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Bell’s Palsy

​What are you supposed to think when you wake up and half of your face isn’t working? That was the question one of my patients recently had to ask herself. When she smiled in the mirror, only the left side of her mouth went up. When she tried to close her eyes, only the left eye closed. And when she tried to lift her eyebrows, only the left eyebrow worked, and only the left forehead wrinkled. She brushed her teeth and tried to swish out her mouth and the water went spilling out of the weak side of her mouth. Stroke? Fortunately not, although when in doubt it’s always best to get immediately to the ER.

​One clue that this was Bell’s palsy and not stroke was the lack of movement of the right forehead. When a stroke is the cause, the forehead is usually spared and still moves (wrinkles) on both sides – we won’t get into the whole reason for that – but with Bell’s palsy it doesn’t.

​So what is this stroke-mimicker that affects only the face? Bell’s palsy is an acute affliction of the facial nerve. It results in rapid paralysis or weakness of the facial muscles on one side of the face, usually progressing over up to 48 hours. The cause still isn’t definitively known. It can happen at any age, but its peak prevalence is in 40-49 year olds.

​Along with the one-sided facial paralysis, there may be altered taste and loss of tear production on the affected side. There also may be pain around the ear and sometimes vision is blurred on the affected side.

​Treatment involves first making sure it’s Bell’s palsy and not a stroke. If the symptoms aren’t clear-cut, a cat scan or MRI of the head is sometimes done to rule out tumor or stroke. Steroids are the preferred treatment and antiviral agents may sometimes improve outcomes slightly as well. ​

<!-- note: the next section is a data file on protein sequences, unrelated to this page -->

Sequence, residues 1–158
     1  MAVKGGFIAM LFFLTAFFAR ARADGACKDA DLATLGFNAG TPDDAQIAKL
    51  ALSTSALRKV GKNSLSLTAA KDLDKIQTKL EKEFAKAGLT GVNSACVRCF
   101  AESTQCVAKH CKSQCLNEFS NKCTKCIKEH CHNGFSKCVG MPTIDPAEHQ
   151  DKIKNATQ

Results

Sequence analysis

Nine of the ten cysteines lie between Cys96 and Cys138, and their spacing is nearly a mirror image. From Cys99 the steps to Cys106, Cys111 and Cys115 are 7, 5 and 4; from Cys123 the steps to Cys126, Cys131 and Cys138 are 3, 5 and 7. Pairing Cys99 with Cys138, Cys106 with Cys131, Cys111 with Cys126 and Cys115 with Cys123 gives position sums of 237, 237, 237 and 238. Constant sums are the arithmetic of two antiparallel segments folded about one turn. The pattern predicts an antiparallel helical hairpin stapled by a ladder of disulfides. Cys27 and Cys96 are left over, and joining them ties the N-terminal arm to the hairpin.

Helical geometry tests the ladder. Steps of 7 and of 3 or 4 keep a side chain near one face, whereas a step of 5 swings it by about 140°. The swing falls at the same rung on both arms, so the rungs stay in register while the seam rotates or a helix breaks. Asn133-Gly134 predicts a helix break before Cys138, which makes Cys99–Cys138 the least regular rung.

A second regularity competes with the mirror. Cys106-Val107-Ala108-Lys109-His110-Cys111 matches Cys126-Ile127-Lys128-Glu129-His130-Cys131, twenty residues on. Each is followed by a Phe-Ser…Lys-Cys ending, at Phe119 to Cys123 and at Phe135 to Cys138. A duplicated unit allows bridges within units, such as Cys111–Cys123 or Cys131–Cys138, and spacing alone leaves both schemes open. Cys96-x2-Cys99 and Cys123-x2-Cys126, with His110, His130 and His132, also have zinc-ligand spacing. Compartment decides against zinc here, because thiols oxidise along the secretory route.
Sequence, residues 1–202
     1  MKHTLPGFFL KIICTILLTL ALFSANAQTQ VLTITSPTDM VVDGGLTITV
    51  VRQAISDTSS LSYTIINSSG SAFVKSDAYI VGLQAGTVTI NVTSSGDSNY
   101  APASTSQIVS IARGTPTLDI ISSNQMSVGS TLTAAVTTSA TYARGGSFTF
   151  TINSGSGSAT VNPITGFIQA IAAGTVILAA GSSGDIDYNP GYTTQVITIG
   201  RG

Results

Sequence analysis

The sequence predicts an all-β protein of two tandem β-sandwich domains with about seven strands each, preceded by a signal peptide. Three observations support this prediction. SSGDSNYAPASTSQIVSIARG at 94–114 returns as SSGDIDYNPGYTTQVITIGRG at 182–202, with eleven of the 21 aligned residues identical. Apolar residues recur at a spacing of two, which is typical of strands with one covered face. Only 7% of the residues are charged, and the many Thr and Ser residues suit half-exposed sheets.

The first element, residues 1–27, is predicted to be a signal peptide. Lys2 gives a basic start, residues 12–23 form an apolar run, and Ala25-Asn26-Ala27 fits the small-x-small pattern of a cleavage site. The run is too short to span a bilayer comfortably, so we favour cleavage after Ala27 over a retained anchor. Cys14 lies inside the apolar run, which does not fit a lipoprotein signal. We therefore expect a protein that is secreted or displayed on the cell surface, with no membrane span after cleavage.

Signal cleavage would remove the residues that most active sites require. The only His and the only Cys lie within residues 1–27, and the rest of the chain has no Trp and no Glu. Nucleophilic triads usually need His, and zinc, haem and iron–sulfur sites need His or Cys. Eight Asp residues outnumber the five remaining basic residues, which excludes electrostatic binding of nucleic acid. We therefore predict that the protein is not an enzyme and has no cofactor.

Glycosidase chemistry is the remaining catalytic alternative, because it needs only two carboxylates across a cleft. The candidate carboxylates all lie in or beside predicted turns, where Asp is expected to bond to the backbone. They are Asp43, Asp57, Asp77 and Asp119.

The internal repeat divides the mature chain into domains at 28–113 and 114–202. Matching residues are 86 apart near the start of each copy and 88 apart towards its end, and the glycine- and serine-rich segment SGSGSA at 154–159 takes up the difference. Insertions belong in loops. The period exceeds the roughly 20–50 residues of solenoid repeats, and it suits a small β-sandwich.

​The good news is that in 80-90% of cases, the symptoms slowly clear over a few months’ time. In the meantime, the affected eye needs to be protected with frequent lubrication, and sometimes taped shut overnight to avoid drying out and damaging the cornea. Facial physical therapy is sometimes used but hasn’t really proved to make a notable difference in the rate of recovery. Various surgical procedures are used only rarely to aid eye closure in those cases where the paralysis proves permanent.

​So, while Bell’s palsy certainly beats a stroke, it’s no picnic and can be very slow to resolve, or rarely, may not resolve fully. And as we said at the beginning, always best to get to the ER immediately with any sudden paralysis or loss of function.

Andrew Smith, MD is board-certified in Family Medicine and practices at 1503 East Lamar Alexander Parkway, Maryville. Contact him at 982-0835

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